Latest research confirms that surgeons do have a lower threshold for going ahead with revision surgery for patients with partial knee replacements compared to totals.
“A lower threshold for revision of aseptic unicompartmental vs total knee arthroplasty”
William B. Johnson, Jr., C. Anderson Engh, Jr., Nancy L. Parks, William G. Hamilton, P. Henry Ho, Kevin B. Fricka
The Bone and Joint Journal 2020; 102-B(6): 91-95
Research out of Alexandria, Virginia, USA has confirmed what many of us have suspected for a long time…
In this study of 619 cases of revision knee arthroplasty, those patients undergoing revision of a partial knee replacement had a significantly higher Oxford Knee Score than similar patients undergoing revision of total knee replacements… i.e. the partial knee replacement patients were being revised despite having less symptoms (i.e. with better knees) compared to the total knee replacement patients.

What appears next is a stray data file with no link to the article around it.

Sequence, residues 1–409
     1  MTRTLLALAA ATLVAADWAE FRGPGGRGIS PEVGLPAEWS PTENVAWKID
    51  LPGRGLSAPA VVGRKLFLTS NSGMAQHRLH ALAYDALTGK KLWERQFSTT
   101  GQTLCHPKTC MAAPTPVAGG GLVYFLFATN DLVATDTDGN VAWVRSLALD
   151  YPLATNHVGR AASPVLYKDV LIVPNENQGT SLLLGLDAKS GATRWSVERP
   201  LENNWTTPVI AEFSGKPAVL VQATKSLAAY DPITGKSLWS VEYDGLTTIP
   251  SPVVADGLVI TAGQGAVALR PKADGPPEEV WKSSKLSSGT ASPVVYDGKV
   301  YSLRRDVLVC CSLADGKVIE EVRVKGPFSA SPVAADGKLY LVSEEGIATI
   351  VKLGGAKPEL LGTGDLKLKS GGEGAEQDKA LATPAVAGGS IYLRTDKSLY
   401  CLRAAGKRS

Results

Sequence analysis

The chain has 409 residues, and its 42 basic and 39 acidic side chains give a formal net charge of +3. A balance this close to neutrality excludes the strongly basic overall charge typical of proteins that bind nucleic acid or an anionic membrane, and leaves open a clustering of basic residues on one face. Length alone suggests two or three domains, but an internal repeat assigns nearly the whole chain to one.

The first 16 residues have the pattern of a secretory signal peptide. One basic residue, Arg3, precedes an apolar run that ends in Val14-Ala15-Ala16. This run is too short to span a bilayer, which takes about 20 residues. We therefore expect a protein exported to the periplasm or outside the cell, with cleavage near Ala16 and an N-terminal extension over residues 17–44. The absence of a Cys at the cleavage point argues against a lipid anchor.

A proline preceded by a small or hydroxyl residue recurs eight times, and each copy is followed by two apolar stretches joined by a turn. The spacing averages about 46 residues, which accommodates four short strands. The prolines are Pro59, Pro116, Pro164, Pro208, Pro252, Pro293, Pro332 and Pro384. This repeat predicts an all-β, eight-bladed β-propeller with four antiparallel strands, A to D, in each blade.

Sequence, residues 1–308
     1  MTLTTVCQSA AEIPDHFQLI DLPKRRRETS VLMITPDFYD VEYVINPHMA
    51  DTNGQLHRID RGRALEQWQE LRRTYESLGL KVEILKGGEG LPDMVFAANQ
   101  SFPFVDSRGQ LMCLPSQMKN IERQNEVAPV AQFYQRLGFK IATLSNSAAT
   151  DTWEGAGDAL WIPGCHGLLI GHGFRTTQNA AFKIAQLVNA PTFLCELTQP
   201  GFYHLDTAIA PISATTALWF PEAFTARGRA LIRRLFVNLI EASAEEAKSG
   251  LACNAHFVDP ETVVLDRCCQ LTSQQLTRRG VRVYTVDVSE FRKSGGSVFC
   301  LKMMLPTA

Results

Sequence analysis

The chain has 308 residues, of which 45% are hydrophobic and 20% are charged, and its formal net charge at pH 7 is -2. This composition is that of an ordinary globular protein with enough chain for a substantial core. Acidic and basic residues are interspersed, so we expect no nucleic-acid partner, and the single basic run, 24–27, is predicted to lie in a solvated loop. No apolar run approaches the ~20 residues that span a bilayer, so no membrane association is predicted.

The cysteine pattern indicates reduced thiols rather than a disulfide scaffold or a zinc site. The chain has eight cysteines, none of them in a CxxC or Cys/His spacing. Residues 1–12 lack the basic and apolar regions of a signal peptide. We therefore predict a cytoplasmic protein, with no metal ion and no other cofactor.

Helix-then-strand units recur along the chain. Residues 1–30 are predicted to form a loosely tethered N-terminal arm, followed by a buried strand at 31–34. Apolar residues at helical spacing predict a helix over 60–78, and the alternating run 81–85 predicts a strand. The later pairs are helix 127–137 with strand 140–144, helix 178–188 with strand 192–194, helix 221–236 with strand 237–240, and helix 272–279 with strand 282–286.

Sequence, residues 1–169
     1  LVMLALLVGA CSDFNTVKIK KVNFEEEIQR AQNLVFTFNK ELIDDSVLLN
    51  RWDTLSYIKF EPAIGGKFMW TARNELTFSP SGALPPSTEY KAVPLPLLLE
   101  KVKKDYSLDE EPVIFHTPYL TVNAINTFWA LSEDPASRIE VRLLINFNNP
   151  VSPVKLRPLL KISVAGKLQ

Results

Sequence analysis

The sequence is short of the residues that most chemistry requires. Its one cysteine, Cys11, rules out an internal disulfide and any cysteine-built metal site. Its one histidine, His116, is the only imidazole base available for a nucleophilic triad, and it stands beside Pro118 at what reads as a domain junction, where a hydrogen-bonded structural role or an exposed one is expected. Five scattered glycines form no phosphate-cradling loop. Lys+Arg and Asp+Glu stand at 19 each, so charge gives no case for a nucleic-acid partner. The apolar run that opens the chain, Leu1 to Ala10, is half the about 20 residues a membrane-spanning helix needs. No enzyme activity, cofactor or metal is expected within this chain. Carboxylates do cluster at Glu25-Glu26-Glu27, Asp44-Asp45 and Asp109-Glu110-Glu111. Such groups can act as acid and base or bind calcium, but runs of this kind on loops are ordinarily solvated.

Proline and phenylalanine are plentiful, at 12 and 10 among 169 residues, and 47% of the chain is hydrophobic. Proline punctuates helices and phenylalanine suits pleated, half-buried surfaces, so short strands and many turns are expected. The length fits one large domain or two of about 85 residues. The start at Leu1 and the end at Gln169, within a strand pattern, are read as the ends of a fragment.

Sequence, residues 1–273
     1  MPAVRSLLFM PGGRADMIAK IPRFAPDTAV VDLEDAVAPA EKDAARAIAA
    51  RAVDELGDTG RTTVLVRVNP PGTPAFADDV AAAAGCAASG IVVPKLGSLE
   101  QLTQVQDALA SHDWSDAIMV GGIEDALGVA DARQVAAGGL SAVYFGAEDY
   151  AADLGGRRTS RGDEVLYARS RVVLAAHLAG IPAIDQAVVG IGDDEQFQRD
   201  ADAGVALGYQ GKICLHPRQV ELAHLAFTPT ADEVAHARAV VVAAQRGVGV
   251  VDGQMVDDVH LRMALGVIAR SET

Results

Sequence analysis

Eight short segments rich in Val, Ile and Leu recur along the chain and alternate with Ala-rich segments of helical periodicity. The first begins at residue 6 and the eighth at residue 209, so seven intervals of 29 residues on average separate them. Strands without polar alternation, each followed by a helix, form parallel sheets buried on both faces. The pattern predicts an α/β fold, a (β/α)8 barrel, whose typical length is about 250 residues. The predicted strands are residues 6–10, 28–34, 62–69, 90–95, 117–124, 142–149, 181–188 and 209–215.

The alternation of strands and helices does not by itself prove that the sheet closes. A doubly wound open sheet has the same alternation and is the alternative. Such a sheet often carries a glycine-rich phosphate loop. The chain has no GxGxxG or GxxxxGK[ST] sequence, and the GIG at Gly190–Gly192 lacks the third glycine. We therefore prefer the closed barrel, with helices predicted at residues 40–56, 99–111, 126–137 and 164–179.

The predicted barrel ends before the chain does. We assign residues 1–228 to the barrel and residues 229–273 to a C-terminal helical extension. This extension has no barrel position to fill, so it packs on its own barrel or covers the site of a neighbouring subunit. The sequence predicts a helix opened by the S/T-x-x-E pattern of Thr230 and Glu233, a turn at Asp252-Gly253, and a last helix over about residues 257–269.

Revision knee replacement is easier when revising a partial knee replacement compared to a total; therefore, surgeons tend to have a lower threshold for going ahead with revision surgery in patients who are having issues with loosening/failure of a partial knee replacement, compared to patients suffering similarly bad issues with a total knee replacement. This is just one of the factors that helps explain why we tend to see a higher revision rate with partial knee replacements compared to totals. This does not, however, mean that partial knee replacements (when done for the right reasons in the right patient at the right time) are ‘worse’ than total knee replacements.
This study also showed that of the partial knee replacements that were revised, 36% were revised for aseptic loosening and 36% were revised for progression of osteoarthritis into the non-resurfaced compartment(s).
CLICK HERE to read the article
24 June 2020–